Using the plural for a garment worn on the legs dates back to Old English. The OED says that breeches came from the Old English word
Old English bréc, plural of bróc: A garment covering the loins and thighs.
However, in Middle English, the Old English plural bréc became the Middle English breech, which was often treated as a singular. The OED gives citations:
1535 Bible (Coverdale) Jer. xiii. 1 Get the a lynnen breche, and gyrde it aboute thy loynes.
But when breech became singular, people started using breeches in the plural instead.
1591 Spenser Prosopopoia in Complaints His breeches were made after the new cut.
(Both of these usages probably started a century or more earlier than my citations, but I chose the most unambiguous citations from the OED — for many citations it's impossible to tell whether the word is plural or not.)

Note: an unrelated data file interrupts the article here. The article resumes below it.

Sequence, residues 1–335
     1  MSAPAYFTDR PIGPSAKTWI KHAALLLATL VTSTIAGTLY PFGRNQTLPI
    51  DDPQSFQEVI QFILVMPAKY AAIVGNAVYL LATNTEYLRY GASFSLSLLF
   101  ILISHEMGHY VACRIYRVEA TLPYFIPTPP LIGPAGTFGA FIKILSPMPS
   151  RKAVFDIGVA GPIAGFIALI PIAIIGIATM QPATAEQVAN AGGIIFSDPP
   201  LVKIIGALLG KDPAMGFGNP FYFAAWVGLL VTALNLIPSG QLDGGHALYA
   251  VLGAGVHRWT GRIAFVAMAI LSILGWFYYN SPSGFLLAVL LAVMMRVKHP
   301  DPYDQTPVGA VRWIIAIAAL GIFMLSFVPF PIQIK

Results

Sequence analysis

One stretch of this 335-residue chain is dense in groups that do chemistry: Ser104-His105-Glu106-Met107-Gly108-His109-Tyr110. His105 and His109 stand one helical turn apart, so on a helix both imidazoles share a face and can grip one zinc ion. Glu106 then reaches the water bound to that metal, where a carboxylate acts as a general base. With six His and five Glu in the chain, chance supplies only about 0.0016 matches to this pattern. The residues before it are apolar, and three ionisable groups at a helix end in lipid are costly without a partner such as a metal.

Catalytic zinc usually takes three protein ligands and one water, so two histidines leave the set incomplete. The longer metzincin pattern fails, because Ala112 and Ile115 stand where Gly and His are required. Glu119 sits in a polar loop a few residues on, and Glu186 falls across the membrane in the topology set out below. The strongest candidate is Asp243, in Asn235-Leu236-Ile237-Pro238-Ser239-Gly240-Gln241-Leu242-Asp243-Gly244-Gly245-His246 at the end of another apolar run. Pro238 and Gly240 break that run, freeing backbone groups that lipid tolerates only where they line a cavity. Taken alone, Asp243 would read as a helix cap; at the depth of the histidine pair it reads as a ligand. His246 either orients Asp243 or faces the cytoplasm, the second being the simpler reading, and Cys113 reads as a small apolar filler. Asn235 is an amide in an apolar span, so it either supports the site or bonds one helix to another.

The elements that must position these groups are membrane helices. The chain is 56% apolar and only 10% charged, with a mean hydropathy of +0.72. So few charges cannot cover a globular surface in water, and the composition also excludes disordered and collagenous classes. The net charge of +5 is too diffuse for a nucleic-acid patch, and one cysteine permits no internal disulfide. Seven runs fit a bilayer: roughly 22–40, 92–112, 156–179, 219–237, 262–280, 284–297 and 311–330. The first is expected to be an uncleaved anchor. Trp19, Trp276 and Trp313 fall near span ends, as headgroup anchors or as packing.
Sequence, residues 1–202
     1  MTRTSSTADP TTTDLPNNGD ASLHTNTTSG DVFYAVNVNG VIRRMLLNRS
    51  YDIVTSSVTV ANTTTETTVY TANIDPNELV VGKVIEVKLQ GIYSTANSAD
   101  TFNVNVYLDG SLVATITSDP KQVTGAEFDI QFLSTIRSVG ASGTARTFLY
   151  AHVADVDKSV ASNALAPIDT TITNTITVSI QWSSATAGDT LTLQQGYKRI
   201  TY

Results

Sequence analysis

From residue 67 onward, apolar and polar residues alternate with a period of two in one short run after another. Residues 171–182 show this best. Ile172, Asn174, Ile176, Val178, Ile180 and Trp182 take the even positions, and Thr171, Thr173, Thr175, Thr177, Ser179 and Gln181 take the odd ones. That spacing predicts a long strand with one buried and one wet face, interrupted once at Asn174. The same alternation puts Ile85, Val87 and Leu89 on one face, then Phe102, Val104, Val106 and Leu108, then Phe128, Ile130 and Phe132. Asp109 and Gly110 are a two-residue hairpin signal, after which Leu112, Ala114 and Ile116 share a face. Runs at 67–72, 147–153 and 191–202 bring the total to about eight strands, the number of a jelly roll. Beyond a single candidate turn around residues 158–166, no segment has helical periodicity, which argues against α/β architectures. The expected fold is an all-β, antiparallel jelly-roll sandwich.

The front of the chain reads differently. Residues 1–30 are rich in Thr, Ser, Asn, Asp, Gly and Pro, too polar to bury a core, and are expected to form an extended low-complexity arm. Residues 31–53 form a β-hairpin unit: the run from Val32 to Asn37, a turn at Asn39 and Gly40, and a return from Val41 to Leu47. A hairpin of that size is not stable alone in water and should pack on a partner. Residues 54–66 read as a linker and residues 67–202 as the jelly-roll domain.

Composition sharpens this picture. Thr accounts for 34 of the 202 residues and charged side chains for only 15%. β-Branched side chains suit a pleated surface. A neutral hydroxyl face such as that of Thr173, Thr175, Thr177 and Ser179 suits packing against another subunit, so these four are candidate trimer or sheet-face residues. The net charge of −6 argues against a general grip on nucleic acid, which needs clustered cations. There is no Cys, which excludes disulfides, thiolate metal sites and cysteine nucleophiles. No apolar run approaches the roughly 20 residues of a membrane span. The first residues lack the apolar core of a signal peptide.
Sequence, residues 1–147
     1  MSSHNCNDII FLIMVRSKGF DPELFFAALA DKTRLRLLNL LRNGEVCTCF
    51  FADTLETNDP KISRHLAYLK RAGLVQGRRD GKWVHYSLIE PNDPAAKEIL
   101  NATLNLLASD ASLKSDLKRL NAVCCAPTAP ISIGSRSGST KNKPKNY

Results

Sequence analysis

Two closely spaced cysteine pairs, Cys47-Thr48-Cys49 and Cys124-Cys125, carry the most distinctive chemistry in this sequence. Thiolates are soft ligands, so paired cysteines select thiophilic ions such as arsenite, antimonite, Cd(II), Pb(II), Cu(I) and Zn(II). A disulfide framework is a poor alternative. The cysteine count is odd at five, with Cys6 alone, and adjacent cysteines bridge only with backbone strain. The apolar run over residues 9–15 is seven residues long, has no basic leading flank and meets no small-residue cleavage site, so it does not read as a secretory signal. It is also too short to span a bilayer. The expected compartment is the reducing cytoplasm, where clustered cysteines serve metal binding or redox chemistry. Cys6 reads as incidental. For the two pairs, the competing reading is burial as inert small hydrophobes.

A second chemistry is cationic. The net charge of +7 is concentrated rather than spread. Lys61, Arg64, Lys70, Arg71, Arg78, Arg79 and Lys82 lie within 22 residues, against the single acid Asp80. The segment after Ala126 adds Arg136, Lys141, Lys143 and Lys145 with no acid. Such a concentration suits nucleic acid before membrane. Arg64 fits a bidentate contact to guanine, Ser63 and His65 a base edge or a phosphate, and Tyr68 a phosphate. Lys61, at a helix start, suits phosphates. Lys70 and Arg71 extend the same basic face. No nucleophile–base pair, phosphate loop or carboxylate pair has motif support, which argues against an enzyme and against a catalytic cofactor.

So it looks like using the plural for lower-body garments has been around since Old English. There was temporary change of usage in Middle English, when the strong plural started being replaced by the -es ending, and breech was reinterpreted as a singular, but it didn't last.
So you will have to look back to Old English or before to find the origin of this usage.
This usage probably goes back before the split into North Germanic and West Germanic (ca. 200 AD), as trousers is plural in most Germanic languages (although not Dutch, for some reason).
Possibly both the original plural usage and the original garment are too far back in time to determine their origin for certain. If we go back 5300 years, we reach the times of Ötzi the Iceman, whose mummy was discovered in the Italian Alps wearing trousers made of two separate leggings.
I don't know when Ötzi's trousers went out of fashion, and joined trousers became de rigueur — presumably it was somewhere between 3300 BC and 300 AD. But we know that the plurality of "breeches" has probably survived for 1800 years, during which the actual article of clothing was usually singular. So it's quite possible the earlier answer is correct; trousers are plural because when the word entered the proto-Germanic language, people wore two of them.